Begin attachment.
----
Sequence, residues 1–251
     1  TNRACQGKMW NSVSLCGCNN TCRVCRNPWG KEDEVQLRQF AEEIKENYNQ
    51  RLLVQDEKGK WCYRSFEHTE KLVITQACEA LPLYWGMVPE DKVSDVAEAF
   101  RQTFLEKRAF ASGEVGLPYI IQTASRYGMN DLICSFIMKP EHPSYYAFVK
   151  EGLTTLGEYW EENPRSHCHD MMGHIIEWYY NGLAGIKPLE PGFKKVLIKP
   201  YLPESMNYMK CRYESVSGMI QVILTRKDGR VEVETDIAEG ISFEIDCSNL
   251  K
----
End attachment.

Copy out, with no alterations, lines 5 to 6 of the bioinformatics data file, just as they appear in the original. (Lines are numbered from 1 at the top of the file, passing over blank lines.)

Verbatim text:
   151  EGLTTLGEYW EENPRSHCHD MMGHIIEWYY NGLAGIKPLE PGFKKVLIKP
   201  YLPESMNYMK CRYESVSGMI QVILTRKDGR VEVETDIAEG ISFEIDCSNL